Aside from dermatologically afflicting illnesses, Bali was the holiday equivalent of that annoying little brat at family event who constantly prods you in the back and speaks in a whiney voice. Ubud is a small town up north with cutesy little shops and more vegan products than in a Greenpeace convention. Wandering around with everyone was nice; catching up; recovering from Dengue; and trying to spot how many people could practically fit on a motorbike (the answer is four). Watching our friend James, a fully trained accountant, haggle for a small picture was an interesting new hobby as without access to an Excel spreadsheet, he seemed completely bemused by the fact that a price tag was a variable (and biased against how gullible/naive you look).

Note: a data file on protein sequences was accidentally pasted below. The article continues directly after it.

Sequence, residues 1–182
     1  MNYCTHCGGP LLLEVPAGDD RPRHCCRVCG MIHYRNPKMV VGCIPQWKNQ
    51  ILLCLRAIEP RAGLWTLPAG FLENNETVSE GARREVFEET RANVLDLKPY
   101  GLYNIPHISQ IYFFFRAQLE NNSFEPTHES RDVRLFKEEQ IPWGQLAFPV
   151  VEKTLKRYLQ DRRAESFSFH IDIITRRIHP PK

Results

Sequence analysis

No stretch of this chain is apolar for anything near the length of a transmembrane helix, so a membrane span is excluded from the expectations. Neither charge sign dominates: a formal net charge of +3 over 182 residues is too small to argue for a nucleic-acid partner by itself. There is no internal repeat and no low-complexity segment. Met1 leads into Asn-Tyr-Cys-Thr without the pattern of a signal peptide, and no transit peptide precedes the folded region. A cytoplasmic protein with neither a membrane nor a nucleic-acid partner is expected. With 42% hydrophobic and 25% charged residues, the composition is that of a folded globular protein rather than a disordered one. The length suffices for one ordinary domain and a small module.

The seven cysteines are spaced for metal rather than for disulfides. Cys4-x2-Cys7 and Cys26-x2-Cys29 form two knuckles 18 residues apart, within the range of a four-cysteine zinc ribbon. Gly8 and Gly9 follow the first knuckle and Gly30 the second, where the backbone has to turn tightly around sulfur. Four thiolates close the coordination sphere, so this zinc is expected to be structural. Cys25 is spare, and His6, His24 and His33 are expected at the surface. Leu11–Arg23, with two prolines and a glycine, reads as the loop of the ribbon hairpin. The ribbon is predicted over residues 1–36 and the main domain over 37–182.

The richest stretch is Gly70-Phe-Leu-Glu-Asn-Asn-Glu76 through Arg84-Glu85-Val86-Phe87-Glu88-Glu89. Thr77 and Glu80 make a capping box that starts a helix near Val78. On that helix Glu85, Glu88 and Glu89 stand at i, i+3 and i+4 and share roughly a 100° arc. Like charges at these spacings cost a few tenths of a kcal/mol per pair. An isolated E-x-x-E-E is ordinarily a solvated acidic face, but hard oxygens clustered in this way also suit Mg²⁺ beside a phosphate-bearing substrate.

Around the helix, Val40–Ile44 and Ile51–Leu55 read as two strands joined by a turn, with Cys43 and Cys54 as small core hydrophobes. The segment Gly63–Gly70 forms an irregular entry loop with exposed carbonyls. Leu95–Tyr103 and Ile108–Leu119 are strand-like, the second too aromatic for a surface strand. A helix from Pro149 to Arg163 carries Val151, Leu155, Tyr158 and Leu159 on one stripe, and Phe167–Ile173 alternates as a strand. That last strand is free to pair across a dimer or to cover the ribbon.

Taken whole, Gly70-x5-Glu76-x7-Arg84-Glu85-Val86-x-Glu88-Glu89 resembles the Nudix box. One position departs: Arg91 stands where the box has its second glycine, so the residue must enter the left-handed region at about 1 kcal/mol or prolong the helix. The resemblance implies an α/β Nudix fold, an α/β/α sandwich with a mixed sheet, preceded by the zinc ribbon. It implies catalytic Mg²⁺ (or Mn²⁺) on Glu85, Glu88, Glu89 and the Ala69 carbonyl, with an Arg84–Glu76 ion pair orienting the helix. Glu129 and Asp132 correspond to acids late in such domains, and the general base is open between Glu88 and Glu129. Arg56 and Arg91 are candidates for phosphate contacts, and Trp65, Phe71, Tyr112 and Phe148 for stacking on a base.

A shaking rudely awakened us the following morning as a minor earthquake hit the peaceful villa we were staying at. Thought I’d let everyone know, roughly three weeks later, that we are all fine. Calum, my second of two friends, however seems to have developed a strange aversion to morning toilet time after that day. After recovering from this, a day trip left up to our new friend, our taxi driver – let’s call him Len, had us squished in the back of his car for two hours to reach a waterfall. Here, we helped him get a selfie of himself, watched my Mum and Phoebe visibly recoil at the toilet being a small plunge pool and sat in lukewarm water from which was sourced from the aforementioned squat pool. We then, in a sitcom-esque manner, hopped back into the sardine can of a taxi and drove to Tanah Lot. Tanah lot is a water temple sitting on the coast of Bali which becomes isolated at high tide. As would be expected in a tourist destination in Indonesia, a fringe of mask and magnet selling stalls coat the area like an oil which you have to fight through to see the temple. The temple was a hedgehog of selfie sticks but actually very impressive with the waves washing over the cliffs. Set inside a shallowly sloping cliff came the most entrepreneurial man I feel I had seen. Painted in half-legible black letters was “See the holy snake – 30,000 rp” (2 quid)). There a man was sat, with a box on his lap, apparently showing people his holy snake. Make of this what you will but I am under the strong impression that the man was no herpetologist.